Sorry for the spam, I know that's rather unrelated to this bug, and this is not a mailing list.
Comment 47 Karl Palsson 2006-12-11 04:10:40 PST
Ok, no problem.

On windows, backspace goes Back in time through my history.

On Gnome, backspace can go UP through my list of chronologically sorted pages.

There we go, everyone gets what they want.
Comment 48 Mats Palmgren (:mats) 2007-01-05 19:15:18 PST
Created attachment 250670 [details] [diff] [review]
ditto for SeaMonkey

Whatever the default end up being, it should be the same in Firefox and SeaMonkey.
Comment 49 Mats Palmgren (:mats) 2007-01-07 18:50:52 PST
Comment on attachment 250670 [details] [diff] [review]
ditto for SeaMonkey

Checked in to trunk at 2007-01-07 17:55 PST
Comment 50 Mats Palmgren (:mats) 2007-01-07 19:46:24 PST
FWIW, Backspace in Konqueror 3.5.5 does nothing. In Opera 9.02 it does Back.

My 2 cents: Backspace should do nothing.
Comment 51 Mark Banner (:standard8) 2007-01-08 01:27:03 PST
(In reply to comment #48)
> Created an attachment (id=250670) [details]
> ditto for SeaMonkey
> Whatever the default end up being, it should be the same in Firefox and
> SeaMonkey.

Please can you update suite/browser/browser-prefs.js as well - this is the new location of the prefs file for when SeaMonkey becomes an xul app.
Comment 52 Eric Windisch 2007-01-08 04:25:56 PST
Perhaps this should be filed as another bug, but the removal of this 'feature' has been met with extreme enthusiasm at my company. In FF 1.5, if the backspace was pressed while a <textarea> or <input type="text"> was selected, while the page was loading, after loading, the page would 'go back'.  I understand that this would be a separate bug, but if this feature would be re-instituted, avoidance of reimplementing this bug would be absolutely crucial.

This (silly) bug is significant enough to us to stick with any version that does not have this "feature".
Comment 53 Mats Palmgren (:mats) 2007-01-15 10:28:55 PST
(In reply to comment #51)
> Please can you update suite/browser/browser-prefs.js as well - this is the new
> location of the prefs file for when SeaMonkey becomes an xul app.

It would be much easier to maintain if we could share common default prefs
in ONE file that is used by all apps. I filed bug 367048 on that.
Comment 54 Mark Banner (:standard8) 2007-01-15 10:48:20 PST
(In reply to comment #53)
> (In reply to comment #51)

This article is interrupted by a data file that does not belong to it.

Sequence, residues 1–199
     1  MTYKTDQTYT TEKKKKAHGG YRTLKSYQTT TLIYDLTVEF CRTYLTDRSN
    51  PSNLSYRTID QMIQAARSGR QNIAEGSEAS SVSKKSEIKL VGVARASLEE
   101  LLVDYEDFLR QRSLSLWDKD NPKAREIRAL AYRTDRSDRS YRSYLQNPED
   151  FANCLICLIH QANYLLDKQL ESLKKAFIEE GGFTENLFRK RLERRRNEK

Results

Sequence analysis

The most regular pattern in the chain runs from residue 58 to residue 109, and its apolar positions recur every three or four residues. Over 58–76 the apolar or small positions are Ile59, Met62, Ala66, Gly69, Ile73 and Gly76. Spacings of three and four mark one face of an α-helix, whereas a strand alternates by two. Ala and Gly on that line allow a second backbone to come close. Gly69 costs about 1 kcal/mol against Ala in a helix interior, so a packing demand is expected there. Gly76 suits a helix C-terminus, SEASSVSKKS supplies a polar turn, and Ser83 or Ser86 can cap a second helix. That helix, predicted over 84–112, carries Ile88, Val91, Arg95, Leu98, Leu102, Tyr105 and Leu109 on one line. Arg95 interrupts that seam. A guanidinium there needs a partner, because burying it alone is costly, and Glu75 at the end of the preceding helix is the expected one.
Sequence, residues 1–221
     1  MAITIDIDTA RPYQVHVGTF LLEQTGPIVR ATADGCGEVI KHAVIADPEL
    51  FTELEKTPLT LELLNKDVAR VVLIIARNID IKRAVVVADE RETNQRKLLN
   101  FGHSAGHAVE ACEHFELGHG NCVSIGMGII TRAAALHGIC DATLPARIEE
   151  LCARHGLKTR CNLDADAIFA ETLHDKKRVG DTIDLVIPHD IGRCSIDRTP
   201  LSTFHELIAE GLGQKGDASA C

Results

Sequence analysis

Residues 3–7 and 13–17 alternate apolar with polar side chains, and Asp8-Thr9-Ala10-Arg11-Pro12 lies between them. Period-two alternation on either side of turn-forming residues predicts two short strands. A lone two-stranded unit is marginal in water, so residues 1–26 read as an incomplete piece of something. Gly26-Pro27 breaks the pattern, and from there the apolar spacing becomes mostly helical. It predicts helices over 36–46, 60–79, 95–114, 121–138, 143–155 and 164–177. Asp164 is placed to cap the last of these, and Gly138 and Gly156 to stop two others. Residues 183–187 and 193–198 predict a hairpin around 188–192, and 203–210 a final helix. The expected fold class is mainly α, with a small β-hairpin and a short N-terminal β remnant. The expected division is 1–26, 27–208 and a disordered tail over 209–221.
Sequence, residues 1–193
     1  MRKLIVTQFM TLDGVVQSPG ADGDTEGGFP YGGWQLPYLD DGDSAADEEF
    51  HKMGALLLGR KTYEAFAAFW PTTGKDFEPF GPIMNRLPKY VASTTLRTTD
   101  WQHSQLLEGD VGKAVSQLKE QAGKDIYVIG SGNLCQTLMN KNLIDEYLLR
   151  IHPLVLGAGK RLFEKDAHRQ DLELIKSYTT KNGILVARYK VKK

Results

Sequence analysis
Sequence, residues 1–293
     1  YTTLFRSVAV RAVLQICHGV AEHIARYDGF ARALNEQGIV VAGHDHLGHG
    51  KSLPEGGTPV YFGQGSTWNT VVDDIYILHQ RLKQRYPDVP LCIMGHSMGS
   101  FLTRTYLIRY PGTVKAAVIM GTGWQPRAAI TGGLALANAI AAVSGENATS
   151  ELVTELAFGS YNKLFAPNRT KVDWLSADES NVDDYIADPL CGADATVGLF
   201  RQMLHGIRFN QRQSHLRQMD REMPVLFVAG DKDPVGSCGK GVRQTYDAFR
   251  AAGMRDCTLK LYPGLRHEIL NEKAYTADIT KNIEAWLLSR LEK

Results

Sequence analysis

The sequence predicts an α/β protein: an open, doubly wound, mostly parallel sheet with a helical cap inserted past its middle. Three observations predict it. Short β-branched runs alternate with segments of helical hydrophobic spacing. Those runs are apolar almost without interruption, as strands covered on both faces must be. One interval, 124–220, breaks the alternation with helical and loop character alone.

> > Please can you update suite/browser/browser-prefs.js as well - this is the new
> > location of the prefs file for when SeaMonkey becomes an xul app.
> 
> It would be much easier to maintain if we could share common default prefs
> in ONE file that is used by all apps. I filed bug 367048 on that.
> 
I agree. Though please note that the two versions of browser-prefs.js is a temporary arrangement which will hopefully be fixed soon.
Comment 55 Mark Banner (:standard8) 2007-05-11 11:17:15 PDT
Created attachment 264500 [details] [diff] [review]
Sync suiterunner to xpfe

suiterunner (SeaMonkey as xul app) version of attachment 250670 [details] [diff] [review].
Comment 56 Mark Banner (:standard8) 2007-05-12 00:41:49 PDT
(In reply to comment #55)
> Created an attachment (id=264500) [details]
> Sync suiterunner to xpfe
> 
> suiterunner (SeaMonkey as xul app) version of attachment 250670 [details] [diff] [review].
> 

This is now checked in. Is this bug now fixed again or is there more to do?
Comment 57 Mats Palmgren (:mats) 2007-05-12 05:24:24 PDT
Changing Summary to match what was actually fixed.

-> FIXED
Comment 58 Michael Ventnor 2007-05-12 07:20:01 PDT
While its probably too late to do anything now, one thing really confuses me:

(In reply to comment #7)
> I had a discussion about this with caillon and some GNOME people and we decided
> that the best option is to make backspace do *nothing*. Page-up is a bit silly
> and "backwards in history" invites dataloss.

If backwards in history invites dataloss then why is the backspace function still on by default in Windows? Is there something I'm missing? If not then this really isn't a good justification at all.